CDC isn’t alone either in backing pasteurization over raw milk, so does the Food and Drug Administration (FDA), the American Academy of Pediatrics, the American Veterinary Medical Association.
“While some people think that raw milk has more health benefits than pasteurized milk, this study shows that raw milk has great risks—especially for children, who experience more severe illnesses if they get sick,” notes study co-author Barbara Mahon, also a medical doctor, and deputy chief of CDC’s DFWED Enteric Diseases Epidemiology Branch.
“Parents who have lived through the experience of watching their child fight for their life after drinking raw milk now say that it’s just not worth the risk,” she notes. The CDC has several videotapes online of those parents discussing what they’ve been through (www.cdc.gov/foodsafety/rawmilk/raw-milk-videos.html).
“Back to nature”—that’s what many urbanites are trying to do with the food they buy and eat. They are shopping “local” at farmers’ markets and/or direct from producers, opting for organic at the grocery store, participating in food cooperatives or CSAs. Some are even getting into gardening or backyard chickens. Many people are trying to eat foods that are minimally processed. While that’s all well and good—and potentially profitable from the producer’s perspective—CDC warns that milk and dairy products do indeed need minimal processing, i.e. pasteurization. Heating milk to 161 degrees for about 20 seconds is all it takes to kill disease-causing germs like Salmonella, E. coli O157, Campylobacter and others that can be found in raw milk.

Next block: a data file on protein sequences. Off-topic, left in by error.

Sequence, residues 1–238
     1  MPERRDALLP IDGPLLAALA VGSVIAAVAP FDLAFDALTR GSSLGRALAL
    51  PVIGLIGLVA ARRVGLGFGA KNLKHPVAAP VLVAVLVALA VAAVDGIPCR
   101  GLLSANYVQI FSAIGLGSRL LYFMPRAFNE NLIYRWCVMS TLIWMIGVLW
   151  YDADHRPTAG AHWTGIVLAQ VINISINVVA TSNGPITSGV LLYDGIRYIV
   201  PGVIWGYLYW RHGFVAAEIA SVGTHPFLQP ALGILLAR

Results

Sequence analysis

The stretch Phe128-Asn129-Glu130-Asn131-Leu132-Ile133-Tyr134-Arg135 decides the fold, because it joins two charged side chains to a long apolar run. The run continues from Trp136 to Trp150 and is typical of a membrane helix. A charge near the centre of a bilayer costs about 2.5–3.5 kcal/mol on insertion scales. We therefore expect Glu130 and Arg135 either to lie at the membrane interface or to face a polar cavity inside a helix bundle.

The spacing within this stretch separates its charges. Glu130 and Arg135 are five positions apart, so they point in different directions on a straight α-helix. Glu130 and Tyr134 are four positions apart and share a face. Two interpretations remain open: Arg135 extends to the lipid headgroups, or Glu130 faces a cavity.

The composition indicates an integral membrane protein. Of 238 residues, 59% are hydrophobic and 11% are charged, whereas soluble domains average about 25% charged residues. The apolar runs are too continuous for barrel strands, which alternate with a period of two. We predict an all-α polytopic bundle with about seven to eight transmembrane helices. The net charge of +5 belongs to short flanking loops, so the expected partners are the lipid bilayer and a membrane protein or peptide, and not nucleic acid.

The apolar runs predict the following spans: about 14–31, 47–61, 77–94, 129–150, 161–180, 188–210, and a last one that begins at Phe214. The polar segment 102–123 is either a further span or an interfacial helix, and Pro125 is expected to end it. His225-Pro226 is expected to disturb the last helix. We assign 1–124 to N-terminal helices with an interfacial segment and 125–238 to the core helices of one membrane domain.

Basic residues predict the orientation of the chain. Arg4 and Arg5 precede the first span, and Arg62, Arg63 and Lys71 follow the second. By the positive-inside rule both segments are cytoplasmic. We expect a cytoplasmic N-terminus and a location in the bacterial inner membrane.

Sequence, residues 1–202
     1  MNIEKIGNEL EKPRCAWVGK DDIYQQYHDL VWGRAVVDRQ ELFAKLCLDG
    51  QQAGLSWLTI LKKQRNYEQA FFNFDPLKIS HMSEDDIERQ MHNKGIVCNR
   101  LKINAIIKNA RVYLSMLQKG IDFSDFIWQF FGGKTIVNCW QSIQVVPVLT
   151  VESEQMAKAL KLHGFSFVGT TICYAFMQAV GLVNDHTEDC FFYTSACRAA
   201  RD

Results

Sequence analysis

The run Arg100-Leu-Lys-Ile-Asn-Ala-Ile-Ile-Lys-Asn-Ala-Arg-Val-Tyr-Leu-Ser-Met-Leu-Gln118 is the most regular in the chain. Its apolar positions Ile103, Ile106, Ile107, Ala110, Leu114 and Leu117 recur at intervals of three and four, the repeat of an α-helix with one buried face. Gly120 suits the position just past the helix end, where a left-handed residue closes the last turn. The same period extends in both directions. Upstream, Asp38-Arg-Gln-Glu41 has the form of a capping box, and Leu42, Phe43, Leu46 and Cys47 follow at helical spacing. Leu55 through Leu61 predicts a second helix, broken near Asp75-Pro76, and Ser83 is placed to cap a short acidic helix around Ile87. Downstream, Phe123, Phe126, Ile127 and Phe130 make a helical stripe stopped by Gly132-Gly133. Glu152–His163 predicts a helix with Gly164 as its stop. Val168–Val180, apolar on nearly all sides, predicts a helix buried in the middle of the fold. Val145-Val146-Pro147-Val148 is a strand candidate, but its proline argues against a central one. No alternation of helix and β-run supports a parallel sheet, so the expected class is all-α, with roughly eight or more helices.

Before pasteurization, raw milk was a common source of the bacteria that cause tuberculosis, diphtheria, severe streptococcal infections, typhoid fever, and other food-borne illnesses that killed many people each year, especially young children. CDC reports that numerous studies have shown that pasteurization does not significantly change the nutritional value of milk. While heat slightly affects a few of the vitamins found in milk—thiamine, vitamin B12, and vitamin C—milk is only a minor source of these vitamins in the overall diet anyway.